The society in which we live is a confusing place. We have rules and expectations. There are social norms that are inferred but not explained. There has become a standardized mold of “normal” which we expect everyone to fit into. Don’t think this goes unnoticed by individuals with autism. Don’t think that the fact that they don’t fit, can fit, into the box means that they don’t want to. Individuals with autism still have the desire to belong and to be accepted. So they try. They try and try and try to bend themselves to fit in the box. The act of doing so is no easy task. It pushes them to the point of breaking. And with it brings a great deal of anxiety. 

Individuals with autism typically show a delay in social development. Their play is odd and can be highly inflexible. Including other children in their play is difficult. Play can become ritualistic and scripted and really not much fun for another child to join in. Often a child with autism comes across very bossy and demanding. They simply cannot accommodate another child into their play. They cannot take turns or vary from their own agenda. Making friends is no easy task. But that doesn’t mean they don’t want friends. Trying to fit in amongst ones peers causes anxiety. It causes enoumous strain to try to play with others when their developmental level might be so much lower than their peers. So they bend a little.

Lights are bright. Noises are loud. Smells are heightened. Touch can be sensitive. Navigating through many places can mean a sensory overload. The grocery store becomes a place of terror. Screaming becomes the only option. So they scream. Without explanation. But don’t think that they are so busy screaming that they don’t realize others aren’t. They are the only person having a meltdown in isle 7 and they realize that they don’t fit in. As they get older they try to contain this. They try to develop coping skills so that they don’t throw themselves on the floor in front of the ice cream. But this isn’t an easy task because the sensory overload is still going on. They are trying so hard to keep it all together so they bend a little more. 

Change is not autisms friend. We expect kids to adapt. We expect them to go with the flow. But the brain of an autistic child isn’t wired for change. They like predictably. They like rules and routines. They thrive off of knowing what comes next and they require a warning to transition to that next activity. Not knowing or changing the anticipated activity causes huge anxiety but they try to contain it. They try to work with our agenda for them. They bend a little more.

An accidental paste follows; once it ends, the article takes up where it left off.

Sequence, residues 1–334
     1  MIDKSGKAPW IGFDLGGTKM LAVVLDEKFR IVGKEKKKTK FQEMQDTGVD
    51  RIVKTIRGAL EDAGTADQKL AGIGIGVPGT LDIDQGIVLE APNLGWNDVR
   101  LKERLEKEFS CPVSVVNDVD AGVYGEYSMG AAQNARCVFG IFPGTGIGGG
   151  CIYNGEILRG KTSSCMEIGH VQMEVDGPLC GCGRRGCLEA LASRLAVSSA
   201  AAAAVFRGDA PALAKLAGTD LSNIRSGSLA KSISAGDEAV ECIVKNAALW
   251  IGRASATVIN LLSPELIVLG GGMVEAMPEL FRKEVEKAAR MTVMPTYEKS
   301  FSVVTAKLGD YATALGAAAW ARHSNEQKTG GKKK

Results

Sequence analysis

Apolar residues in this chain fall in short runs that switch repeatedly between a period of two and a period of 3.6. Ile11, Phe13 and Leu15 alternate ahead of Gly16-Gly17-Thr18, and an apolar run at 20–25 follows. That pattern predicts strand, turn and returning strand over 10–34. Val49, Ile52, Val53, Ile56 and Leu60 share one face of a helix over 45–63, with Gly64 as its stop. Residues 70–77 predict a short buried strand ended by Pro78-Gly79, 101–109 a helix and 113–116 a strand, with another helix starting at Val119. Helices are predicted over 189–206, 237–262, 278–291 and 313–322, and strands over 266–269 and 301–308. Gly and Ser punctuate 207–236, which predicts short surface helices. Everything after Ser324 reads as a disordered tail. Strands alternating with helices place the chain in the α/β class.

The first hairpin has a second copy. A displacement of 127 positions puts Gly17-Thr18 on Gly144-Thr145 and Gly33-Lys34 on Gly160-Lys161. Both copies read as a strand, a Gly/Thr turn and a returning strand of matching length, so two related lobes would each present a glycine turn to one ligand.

So much takes place that is beyond words. We communicate with our eyes and our facial expressions. We use gestures and body posturing. How often do parents show their disapproval by the shake of a finger, hand on their hip and their very best “don’t make me come over their face.” Most kids would understand that mom or dad isn’t happy without even the exchange of a word. Humans develop to understand this form of communication. However individuals with autism typically lack this development. So the world becomes a difficult place to understand. They have a difficult time adapting their behavior to the expectations when they don’t even understand the expectations. They try to fake it. They try to bend. 

Most people have the ability to recognize that their thoughts differ from others. They have the ability to try to see things from another’s perspective. Imagine how confusing it would be if you expected that your thoughts were going on in everyone else’s mind. Imagine how confusing it would become when people didn’t understand what you meant. You don’t expect people to read your mind, you simply think their mind is thinking what yours is. This is the reality of an individual with autism. This has anxiety written all over it. But still they try to understand. They try to bend. 

Until they break. Until all the social norms and expectations become too much to handle. The anxiety builds and builds until it can no longer be contained.